January 2010 Update: If you have already seen this page before, please read my 2010 update, in the lower half of this webpage, about the 7.0 earthquake that ravaged Port au Prince, the capital of Haiti.
Read the update from September, 2008, on the BBC website, about the damage caused by Hurricane Gustav and Hurricane Hanna to Haiti. There was also considerable damage in the Dominican Republic (video).
When Hurricane Georges crossed the island of Hispaniola in 1998 from the southeast to the northwest corners, it destroyed all the agriculture, many homes, roads, power lines, and most bridges. Tourist destinations were also damaged, affecting one of the country's most important exports. Damage around Santo Domingo and Santiago was repaired, but the rest of the island was left to fend for itself. Agriculture is the only source of income for most rural people there and it took several years for people to recover.
In the summer of 2004, four hurricanes devastated much of Florida and caused major flooding damage in eastern parts of the United States, all of which have been covered in detail by the media. However, much less attention was paid to other damaged areas outside the United States, except for the Haitian city of Gonaives. See photos below.
In May of 2004 there was major flooding in the southwestern Dominican town of Jimani and the Haitian town of Mapou, which was covered in the news because many people died there. The river overflowed and washed away most of Jimani. On the Haitian side of the border, the damage was even more severe.
On September 17 and 18 of 2004, tropical storm Jeanne damaged the southeastern town of San Pedro de Macoris, Samana, Las Terrenas (further North), and the Haitian city of Gonaives in the northwestern part of the island. This means that the upper two thirds of the island was ravaged by wind damage and flooding, just a few months after the southwestern part of the island was ravaged by flooding. In other words, most of the island has been damaged, a fact not mentioned by the media, who appear not to notice much unless there are many fatalities.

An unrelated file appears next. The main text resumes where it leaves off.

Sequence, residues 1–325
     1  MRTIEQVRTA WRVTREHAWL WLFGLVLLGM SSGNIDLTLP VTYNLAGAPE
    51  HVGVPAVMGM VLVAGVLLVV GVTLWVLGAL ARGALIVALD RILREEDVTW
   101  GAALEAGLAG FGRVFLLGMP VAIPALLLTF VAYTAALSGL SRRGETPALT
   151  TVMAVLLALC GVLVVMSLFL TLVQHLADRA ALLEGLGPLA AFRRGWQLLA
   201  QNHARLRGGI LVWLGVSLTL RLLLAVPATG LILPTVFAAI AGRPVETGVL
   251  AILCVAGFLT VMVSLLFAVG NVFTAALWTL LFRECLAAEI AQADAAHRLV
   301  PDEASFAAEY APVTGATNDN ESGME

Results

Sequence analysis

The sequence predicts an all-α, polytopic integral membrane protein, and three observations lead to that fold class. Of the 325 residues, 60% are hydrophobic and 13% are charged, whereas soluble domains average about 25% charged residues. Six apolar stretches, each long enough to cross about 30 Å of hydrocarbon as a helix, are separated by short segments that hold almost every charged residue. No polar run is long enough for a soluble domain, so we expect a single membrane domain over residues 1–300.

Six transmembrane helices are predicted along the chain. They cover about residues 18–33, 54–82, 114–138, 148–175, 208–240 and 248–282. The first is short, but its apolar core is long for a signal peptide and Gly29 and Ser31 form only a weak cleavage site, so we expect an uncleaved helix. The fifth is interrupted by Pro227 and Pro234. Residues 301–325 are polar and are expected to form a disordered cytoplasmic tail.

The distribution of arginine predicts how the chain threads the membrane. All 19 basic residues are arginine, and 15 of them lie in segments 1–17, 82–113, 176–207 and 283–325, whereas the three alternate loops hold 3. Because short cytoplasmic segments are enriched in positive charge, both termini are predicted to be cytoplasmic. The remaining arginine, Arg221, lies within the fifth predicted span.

While the United States can recover relatively quickly from the damage suffered this year, since President George W. Bush asked Congress for $7.1bn for disaster relief in Florida and other southern states, increasing to $12.2bn the amount of aid allocated during the current hurricane season, the Dominican Republic and Haiti simply do not have the vast resources available in the United States. Add to this burden the increases in fuel prices and the severe devaluation of the Dominican currency, the Peso, which lost about half its value against the dollar in the last two years.
If every visitor to my website would donate one dollar to help the people of the Dominican Republic and Haiti, over $40,000 would be raised in just one year. Please send one dollar to AmeriCares. They provide monthly shipments of medicine and medical supplies to the island. According to Reliefweb, "for every $100 donated [to AmeriCares], more than $2,800 of aid is created through partnerships and in-kind contributions," so your dollar goes much further. Be sure to include a note saying that you want your dollar to help the people of the Dominican Republic and Haiti.
AmeriCares Foundation, 88 Hamilton Ave., Stamford, CT 06902.
Here are more charities offering help to the island: